I have seen friends and family in that situation and observed it in people with Alzheimer’s and dementia. This issue is a growing problem because our population is aging. At my age, I find that when I read the obituaries in the South Bend Tribune, there is someone I know listed nearly every day. We are not talking about “pulling the plug,” where a mechanical device keeps a body technically alive. We are talking about physically doing something to a patient that will result in death.
In 2019, New Jersey, Maine, Oregon, Hawaii, and New York all passed laws that either allowed medical aid in dying or made it easier to get help to die. Hearings that will lead to medical assistance bills were conducted in Connecticut, Maryland, Massachusetts, Minnesota, New Mexico, and Nevada. An organization called “Compassion and Choices” has spearheaded a national movement to promote physician assisted suicide, and they have enormous support from celebrities and academics.
The fact is that death remains one of the most difficult issues of life. The arguments against physician assisted suicide are especially emotional. By choosing that path, we are trusting human judgment about whether death is close at hand. There are cases where someone who was expected to die made an amazing recovery. Psychological and spiritual healing sometimes results when a person knows that they are about to die. Support as friends and family rally around a dying person can rebuild relationships and restore family unity that is rare in today’s world. Many believe that leaving the time of one’s death in the hands of God is a necessary spiritual responsibility.
Citizen Magazine reported in August that over 50% of “Christians” approve physician-assisted suicide. As we get older, we have relatives and friends who no longer want to stay alive because their quality of life is poor and they see no hope of getting well. The question really is a matter of alternatives.
In previous years there was a group known as The Hemlock Society who campaigned for and supported physician-assisted suicide. They have renamed themselves Compassion and Choices. The title suggests that we need to have compassion for the dying and allow them to kill themselves with the assistance of a physician to make sure the suicide isn’t bungled.
They have it only half right. We must have compassion for the dying. In this culture and this time of medical advances, there is no reason why anyone should have to endure massive pain as life ebbs toward its end.
Seventy years ago my paternal grandmother had spinal cancer that was causing her massive pain. The doctor severed her spinal cord in a way that stopped the pain but rendered her unable to walk or control her bladder or bowels. She lived for 15 years after that surgery. I remember visiting with her, being taught by her, playing games with her, and hearing about ancestors that I would never see. She was positive and encouraging to me.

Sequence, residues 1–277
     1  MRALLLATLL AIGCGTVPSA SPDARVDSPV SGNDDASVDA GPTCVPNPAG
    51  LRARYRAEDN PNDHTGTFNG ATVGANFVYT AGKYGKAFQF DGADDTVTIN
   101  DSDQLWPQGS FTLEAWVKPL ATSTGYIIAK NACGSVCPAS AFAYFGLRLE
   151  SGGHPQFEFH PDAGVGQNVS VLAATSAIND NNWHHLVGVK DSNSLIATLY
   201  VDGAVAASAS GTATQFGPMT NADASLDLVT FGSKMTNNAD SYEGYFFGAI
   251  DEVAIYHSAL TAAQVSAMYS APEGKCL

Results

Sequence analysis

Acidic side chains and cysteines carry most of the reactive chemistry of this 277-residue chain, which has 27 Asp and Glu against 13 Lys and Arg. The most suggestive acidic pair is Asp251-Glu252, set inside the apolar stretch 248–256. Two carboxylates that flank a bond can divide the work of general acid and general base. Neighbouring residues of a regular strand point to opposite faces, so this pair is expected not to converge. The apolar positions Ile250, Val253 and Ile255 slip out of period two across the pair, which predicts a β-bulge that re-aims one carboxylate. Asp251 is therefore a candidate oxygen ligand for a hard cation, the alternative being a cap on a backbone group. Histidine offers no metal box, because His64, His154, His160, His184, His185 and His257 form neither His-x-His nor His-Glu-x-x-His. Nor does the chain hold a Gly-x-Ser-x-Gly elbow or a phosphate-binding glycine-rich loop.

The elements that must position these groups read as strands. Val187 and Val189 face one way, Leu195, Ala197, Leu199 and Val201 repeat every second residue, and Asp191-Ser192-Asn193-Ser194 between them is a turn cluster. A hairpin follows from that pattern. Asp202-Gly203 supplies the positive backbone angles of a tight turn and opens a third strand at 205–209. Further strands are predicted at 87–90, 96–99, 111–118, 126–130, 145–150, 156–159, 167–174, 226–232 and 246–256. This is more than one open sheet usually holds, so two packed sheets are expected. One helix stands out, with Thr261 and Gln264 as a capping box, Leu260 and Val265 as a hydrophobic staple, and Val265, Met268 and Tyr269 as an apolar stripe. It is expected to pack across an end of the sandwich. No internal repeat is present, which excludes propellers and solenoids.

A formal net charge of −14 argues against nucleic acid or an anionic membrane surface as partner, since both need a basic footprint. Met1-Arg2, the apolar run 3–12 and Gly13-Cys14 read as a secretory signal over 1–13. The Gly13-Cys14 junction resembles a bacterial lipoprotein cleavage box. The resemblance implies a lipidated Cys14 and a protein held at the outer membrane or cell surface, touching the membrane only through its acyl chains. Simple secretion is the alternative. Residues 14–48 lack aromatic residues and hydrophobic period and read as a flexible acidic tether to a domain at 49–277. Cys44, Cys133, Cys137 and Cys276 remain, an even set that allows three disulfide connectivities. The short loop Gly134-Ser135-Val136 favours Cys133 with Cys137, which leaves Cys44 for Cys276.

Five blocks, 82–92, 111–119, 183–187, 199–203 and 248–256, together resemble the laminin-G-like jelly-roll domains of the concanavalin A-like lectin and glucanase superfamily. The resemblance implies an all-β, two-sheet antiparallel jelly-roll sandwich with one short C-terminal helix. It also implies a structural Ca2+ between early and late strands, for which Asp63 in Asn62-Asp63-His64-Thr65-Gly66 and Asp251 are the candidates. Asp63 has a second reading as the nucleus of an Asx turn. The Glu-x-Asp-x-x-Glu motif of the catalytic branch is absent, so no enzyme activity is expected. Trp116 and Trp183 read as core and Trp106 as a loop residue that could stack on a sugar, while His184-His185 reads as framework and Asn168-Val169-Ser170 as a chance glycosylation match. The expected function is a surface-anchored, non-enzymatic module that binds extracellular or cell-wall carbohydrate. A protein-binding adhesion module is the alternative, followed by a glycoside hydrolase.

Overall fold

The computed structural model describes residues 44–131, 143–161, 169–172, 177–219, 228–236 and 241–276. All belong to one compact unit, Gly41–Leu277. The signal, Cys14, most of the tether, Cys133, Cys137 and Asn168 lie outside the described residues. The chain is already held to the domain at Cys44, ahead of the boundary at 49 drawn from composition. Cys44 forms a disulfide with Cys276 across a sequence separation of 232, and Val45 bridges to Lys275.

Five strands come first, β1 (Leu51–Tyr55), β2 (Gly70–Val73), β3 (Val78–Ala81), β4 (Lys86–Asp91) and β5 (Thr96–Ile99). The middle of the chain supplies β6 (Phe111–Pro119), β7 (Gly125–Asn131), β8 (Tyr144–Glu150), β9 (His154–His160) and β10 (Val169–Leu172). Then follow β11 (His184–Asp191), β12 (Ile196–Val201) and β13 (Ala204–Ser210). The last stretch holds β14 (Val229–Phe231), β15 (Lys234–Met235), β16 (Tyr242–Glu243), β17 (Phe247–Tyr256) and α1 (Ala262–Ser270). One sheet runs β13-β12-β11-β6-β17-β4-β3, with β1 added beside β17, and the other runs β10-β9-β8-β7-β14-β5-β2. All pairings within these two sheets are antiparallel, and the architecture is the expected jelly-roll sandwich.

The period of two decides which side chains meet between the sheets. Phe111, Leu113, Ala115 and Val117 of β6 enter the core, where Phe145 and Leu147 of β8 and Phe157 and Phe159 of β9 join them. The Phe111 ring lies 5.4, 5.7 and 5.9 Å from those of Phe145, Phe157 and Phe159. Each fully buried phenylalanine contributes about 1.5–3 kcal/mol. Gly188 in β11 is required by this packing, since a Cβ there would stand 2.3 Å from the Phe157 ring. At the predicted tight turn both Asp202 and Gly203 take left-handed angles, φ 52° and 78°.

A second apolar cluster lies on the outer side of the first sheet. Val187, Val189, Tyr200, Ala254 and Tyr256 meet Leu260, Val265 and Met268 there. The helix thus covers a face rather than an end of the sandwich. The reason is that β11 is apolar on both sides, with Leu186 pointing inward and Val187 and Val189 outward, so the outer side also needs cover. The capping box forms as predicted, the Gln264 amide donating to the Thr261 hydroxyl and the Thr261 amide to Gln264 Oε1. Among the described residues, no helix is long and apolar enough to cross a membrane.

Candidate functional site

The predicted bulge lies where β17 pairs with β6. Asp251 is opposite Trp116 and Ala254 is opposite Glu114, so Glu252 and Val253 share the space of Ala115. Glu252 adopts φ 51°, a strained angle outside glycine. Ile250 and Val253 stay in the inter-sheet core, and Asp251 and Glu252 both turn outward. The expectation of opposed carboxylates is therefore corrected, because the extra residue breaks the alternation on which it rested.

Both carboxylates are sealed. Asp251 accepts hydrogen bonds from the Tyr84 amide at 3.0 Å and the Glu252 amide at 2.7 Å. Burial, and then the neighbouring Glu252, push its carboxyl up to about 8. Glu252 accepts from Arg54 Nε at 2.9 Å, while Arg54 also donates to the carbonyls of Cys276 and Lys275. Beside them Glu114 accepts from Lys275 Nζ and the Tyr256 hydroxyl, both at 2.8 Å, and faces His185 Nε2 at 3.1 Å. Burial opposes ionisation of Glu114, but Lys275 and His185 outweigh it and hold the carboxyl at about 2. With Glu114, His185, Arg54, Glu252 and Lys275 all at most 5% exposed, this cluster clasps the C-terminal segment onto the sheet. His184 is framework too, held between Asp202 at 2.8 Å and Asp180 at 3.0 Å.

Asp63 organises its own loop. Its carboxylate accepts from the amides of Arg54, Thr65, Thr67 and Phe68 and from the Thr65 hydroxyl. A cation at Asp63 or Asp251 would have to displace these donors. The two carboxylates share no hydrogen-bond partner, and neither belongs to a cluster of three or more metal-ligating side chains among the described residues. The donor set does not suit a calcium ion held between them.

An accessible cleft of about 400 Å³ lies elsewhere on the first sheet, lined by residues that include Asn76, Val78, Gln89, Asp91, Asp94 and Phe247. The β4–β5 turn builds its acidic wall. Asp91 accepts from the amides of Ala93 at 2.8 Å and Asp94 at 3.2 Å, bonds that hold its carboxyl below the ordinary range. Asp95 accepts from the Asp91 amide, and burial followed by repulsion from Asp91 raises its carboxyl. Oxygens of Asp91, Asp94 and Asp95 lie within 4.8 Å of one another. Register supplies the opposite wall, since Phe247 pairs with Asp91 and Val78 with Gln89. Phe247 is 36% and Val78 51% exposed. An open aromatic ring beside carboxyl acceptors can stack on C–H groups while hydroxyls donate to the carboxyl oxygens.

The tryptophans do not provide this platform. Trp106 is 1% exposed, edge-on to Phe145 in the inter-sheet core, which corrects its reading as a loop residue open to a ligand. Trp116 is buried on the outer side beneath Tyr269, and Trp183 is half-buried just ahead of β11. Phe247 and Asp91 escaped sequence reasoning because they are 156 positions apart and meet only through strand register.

Suicide doesn’t allow some vital things needed by those left behind. My younger brother is suffering a similar disease situation as I write. He too has had surgery on his spine that has confined him to a wheelchair. It allows him to continue to enjoy family, his grandchildren and working with his wife on family issues and problems that she otherwise would have to face alone.
One of the new problems people face today is the question of what to do when you have a painful terminal illness. Improved medical treatments have allowed us to live longer with diseases that previously would have ended life. This has led to increased interest in physician-assisted suicide.
As I write this, I am dealing with my younger brother facing the end of life due to a long battle with Parkinson’s disease. The disease has changed him from an active, in control, retired military officer to a man confined to a wheelchair, in great pain, and unable to care for himself. He and I have talked about physician-assisted suicide a number of times. Each time we do, the discussion gets more difficult.
Christianity Today (April 2017, page 18) reported that Lifeway Research found that 38% of the American public believes that physician-assisted suicide is morally acceptable when facing a painful terminal illness. Their study shows that 42% agree that physicians should be allowed to assist terminally ill patients in ending their lives. Those numbers have been climbing, and they will continue to do so.
It is easy to give simplistic condemnations of those who choose to end their lives in this way. When we are in the situation, it becomes much more challenging. For the Christian, the body is the temple of the Holy Spirit (1 Corinthians 3:16). Do we have any right to end the body’s life? Is a body racked with pain and twisted with a horrible disease a fit place for God’s Spirit? What effect does ending one’s life have on the loved ones? Is there ever a time when a person cannot minister to others even as they battle a horrible disease? These are all hard questions to answer.